22. What color pants and shoes are you wearing? Gray comfy pants, bear feet. My size two feet come with claws and fur and pads and everything.
23. Last thing you ate? Like you need to ask! I had filet of child on an English muffin, drizzled with Hollandaise sauce.
24. What are you listening to right now? A screaming child in my closet
25. If you were a crayon what color would you be? Lung cancer yellow
26. Who was the last person you talked to on the phone? A hospital administrator, about a client. 28. The first thing you notice about the opposite sex? His gravitas.
29. Do you like the person who sent this to you? Incredibly. She baked me a pie.
30. Favorite Drink? Coffee
31. Favorite Sport? Sliced Child Derby
32. Hair Color? Ding-bat blonde. There aren't many of us natural idiots left.
34. Do you wear contacts? No contacts, no glasses. Does squinting count?
35. Favorite Food? Sliced Child Souffle
36. Last Movie You Watched? Good Night and Good Luck (but I fell asleep, so I don't know if it counts).
37. Favorite Day Of The Year? MAY 24th. It's my birthday. Send me money.
38. Scary Movies Or Happy Endings? Scary movies.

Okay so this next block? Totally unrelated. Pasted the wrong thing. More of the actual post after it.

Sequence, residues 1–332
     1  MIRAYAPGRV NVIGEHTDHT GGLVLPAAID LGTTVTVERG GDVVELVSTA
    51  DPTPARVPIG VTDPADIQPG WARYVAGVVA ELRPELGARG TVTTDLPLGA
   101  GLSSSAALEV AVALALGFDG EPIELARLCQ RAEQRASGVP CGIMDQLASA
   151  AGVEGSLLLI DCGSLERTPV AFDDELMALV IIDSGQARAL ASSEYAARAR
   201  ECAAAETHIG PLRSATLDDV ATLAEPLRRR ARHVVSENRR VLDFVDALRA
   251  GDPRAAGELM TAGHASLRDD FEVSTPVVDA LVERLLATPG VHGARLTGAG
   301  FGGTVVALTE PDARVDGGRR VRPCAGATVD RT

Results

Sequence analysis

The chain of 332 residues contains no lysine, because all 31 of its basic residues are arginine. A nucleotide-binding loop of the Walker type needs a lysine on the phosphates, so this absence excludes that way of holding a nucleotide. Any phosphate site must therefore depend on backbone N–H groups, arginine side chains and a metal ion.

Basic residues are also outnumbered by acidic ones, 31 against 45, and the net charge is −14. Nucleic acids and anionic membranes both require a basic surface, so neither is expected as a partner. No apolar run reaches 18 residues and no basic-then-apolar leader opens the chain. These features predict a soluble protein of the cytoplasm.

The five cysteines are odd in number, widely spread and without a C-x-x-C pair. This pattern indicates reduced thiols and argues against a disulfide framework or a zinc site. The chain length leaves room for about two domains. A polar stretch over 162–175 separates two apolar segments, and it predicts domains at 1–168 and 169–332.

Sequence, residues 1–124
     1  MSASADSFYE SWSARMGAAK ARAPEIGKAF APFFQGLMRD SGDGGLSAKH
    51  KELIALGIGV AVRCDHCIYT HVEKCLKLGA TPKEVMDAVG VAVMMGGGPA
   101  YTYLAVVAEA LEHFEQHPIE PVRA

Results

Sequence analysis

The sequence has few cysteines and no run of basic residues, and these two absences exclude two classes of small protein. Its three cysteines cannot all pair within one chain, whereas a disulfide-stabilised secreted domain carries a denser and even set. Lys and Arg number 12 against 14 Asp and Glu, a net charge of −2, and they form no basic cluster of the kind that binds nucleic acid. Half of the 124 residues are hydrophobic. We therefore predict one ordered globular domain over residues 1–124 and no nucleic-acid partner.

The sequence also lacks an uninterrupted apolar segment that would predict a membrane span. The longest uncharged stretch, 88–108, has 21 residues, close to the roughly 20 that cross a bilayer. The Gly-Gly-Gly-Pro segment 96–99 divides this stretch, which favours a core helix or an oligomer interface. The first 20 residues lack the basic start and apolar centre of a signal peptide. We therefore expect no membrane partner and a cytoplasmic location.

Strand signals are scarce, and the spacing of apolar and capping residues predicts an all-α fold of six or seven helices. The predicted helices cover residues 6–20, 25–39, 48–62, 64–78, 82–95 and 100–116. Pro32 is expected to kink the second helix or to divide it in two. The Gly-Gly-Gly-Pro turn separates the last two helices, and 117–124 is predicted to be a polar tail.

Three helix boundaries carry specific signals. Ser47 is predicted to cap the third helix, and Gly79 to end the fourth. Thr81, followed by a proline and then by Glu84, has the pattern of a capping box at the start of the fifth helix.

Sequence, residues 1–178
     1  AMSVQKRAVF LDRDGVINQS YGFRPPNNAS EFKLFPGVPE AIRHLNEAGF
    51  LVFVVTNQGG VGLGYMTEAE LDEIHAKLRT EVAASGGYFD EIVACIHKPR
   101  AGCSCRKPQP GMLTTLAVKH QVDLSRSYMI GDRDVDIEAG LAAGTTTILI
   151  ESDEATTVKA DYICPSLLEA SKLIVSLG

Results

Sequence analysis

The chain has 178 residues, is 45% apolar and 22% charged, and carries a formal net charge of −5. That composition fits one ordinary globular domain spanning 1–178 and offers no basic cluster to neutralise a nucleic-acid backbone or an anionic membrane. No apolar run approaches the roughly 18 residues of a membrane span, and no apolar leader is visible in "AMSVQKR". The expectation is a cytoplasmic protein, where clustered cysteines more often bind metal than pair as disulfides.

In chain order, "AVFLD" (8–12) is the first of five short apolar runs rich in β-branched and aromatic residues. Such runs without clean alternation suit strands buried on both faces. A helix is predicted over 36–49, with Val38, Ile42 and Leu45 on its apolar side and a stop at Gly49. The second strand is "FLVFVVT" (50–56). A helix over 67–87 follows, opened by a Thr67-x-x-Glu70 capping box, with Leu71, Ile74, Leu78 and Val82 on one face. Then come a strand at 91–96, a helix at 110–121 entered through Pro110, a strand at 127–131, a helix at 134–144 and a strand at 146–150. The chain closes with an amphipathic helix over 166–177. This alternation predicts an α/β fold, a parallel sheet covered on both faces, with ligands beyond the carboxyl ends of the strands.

39. Summer or winter? Winter.
40. Hugs or Kisses? Depends. Where are you going to kiss me?
41. Favorite dessert? (sigh)--sliced child fingers, with a pastry wrap and a dollop of whipped cream.
42. What's On Your Mouse Pad? A mouse, stuck in a trap. He's chewing his leg off.
43. What Did You Watch Last night on TV? The last part of The Office, where Jim gave Pam an outstanding kiss.
44. Favorite Smells? Sliced children cooking. And coffee.
45. Favorite Sounds? That kid currently screaming in the closet.
46. Stones or Beatles? No, thank you. I have to drive.
47. What's the furthest you've been from home? England.
48. What books are you reading? Terry Pratchett's Monstrous Regiment.
Thursday, May 11, 2006
My relationship with Michael is the first (and last) true relationship. Before Michael, there were lots of dumb dates and silly three month bouts of torture with one idiot or another. But Michael and I are the 'real thing' (hence: upcoming wedding).
One thing I always worried about with these full-time relationship thingies is the chance that people might get bored with one another. How dull! Living with the same person, day in, day out, sharing their space--putting up with those annoying ticks others possess. (Not me, no. I have NO ANNOYING TICKS whatsoever, and if you think differently, just ask Michael).